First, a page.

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Demand for domestic tea is so strong that Minto Island Tea Co. continues expanding production. Here, Camellia sinensis is planted on the Salem, Ore., farm. It takes three years for tea plants to mature for harvest. Courtesy of Minto Island Tea Co. hide caption

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Courtesy of Minto Island Tea Co.

Liberty Orchards in Cashmere, Wash., which was founded by two Armenian immigrants, still makes Aplets & Cotlets, a variation of Turkish delight that includes apples, apricots and walnuts. Courtesy of Liberty Orchards Co., Inc. hide caption

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Courtesy of Liberty Orchards Co., Inc.

Cows graze at Dharma Lea Farm in Sharon Springs, N.Y. Advocates of grass-grazing cattle say it's better for the environment and the animals. But there's another upside: Grass-fed meat and dairy fetch a premium that can help small farms stay viable. Courtesy of Maple Hill Creamery hide caption

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Courtesy of Maple Hill Creamery

Brazilians are prolific meat-eaters, so they are struggling with allegations that health officials accepted bribes to allow subpar meat on the market. Victor Moriyama/Bloomberg/Getty Images hide caption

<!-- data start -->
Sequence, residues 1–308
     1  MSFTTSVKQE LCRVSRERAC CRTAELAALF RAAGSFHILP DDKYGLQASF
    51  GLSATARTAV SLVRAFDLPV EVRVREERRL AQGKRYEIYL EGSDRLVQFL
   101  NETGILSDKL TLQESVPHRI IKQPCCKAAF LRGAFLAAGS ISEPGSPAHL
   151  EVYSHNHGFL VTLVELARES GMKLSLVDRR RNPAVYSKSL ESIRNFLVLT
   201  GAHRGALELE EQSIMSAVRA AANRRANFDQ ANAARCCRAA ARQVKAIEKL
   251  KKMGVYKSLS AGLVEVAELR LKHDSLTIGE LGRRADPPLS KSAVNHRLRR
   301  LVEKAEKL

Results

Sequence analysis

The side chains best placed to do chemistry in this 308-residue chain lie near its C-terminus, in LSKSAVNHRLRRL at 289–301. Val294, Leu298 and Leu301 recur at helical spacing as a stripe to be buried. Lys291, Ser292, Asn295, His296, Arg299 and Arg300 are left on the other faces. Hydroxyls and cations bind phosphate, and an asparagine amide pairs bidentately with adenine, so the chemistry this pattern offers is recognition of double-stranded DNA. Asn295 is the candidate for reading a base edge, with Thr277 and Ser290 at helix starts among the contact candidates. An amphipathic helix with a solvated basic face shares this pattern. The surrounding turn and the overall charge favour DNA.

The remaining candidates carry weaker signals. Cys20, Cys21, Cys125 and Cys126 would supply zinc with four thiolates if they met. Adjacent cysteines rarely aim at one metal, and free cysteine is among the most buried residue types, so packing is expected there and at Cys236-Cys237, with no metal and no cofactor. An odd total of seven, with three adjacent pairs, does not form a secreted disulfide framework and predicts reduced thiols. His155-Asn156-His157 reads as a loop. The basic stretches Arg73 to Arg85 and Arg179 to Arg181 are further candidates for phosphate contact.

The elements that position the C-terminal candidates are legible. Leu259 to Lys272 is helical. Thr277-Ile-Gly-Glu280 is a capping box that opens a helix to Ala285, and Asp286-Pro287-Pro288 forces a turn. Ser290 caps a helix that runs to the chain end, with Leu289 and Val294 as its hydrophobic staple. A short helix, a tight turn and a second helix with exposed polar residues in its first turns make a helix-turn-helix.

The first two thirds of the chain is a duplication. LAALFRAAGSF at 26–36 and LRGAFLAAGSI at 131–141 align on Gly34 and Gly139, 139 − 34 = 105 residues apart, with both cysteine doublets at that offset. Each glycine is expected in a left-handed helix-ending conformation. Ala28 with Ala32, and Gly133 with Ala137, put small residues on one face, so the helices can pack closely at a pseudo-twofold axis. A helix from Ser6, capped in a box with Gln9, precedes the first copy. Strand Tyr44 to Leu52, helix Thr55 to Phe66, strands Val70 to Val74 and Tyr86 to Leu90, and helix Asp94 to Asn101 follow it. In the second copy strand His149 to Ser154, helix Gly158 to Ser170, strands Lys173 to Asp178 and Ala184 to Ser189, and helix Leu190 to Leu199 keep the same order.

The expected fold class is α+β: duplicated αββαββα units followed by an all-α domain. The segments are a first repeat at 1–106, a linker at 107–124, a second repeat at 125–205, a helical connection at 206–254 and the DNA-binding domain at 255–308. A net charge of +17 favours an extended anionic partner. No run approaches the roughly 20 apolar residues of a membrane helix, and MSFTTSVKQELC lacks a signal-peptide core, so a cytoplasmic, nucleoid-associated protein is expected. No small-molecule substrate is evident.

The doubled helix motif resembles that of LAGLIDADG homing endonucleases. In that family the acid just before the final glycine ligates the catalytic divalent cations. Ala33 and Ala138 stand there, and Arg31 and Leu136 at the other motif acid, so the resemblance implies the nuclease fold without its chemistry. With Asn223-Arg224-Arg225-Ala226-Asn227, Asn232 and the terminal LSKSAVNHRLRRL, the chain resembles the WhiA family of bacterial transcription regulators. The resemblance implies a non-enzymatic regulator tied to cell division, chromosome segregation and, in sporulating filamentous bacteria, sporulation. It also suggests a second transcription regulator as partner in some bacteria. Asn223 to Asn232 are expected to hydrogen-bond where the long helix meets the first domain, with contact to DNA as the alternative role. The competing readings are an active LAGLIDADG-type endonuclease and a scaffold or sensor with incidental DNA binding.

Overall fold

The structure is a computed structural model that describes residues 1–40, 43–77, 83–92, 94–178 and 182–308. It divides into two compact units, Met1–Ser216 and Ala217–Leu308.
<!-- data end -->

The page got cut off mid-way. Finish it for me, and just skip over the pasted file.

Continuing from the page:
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Victor Moriyama/Bloomberg/Getty Images

Green shoots of cereal rye, a popular cover crop, emerge in a field where corn was recently harvested in Iowa. The grass will go dormant in winter, then resume growing in the spring. Less than three percent of corn fields in the state have cover crops. Courtesy of Practical Farmers of Iowa hide caption

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Courtesy of Practical Farmers of Iowa

Last May, members of the Avaaz civic organization dressed as crop-sprayers in Brussels to protest the European Commission's plans to re-license glyphosate, the popular weed-killer sold by Monsanto under the brand name Roundup. John Thys/AFP/Getty Images hide caption

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John Thys/AFP/Getty Images

Minara Begum (left) and her sister, Rajna Begum, served coconut Mishti (sweets) at the first Bandhu Gardens pop-up at Rose's Fine Food last July. Courtesy of Andrew Miller hide caption

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Courtesy of Andrew Miller

National Trade Council head Peter Navarro (right) and White House Chief of Staff Reince Priebus (center) await President Trump's signing executive orders at the White House on Jan. 23. Evan Vucci/AP hide caption

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Evan Vucci/AP

Trump Adviser's Warning About Food Supply Takeover Met With Skepticism

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Grass strips alongside streams, like this one in the Lac qui Parle River watershed of Minnesota, can help to reduce fertilizer runoff from fields. MN Pollution Control Agency/Flickr hide caption

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MN Pollution Control Agency/Flickr

Farmers Fight Environmental Regulations

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Iowa State University College of Agriculture and Life Sciences students Liz Hada, left, and Melissa Garcia Rodriguez say they have experienced racial tension in some of their classes, despite feeling generally welcomed by most students and faculty. Amy Mayer/Harvest Public Media hide caption

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Amy Mayer/Harvest Public Media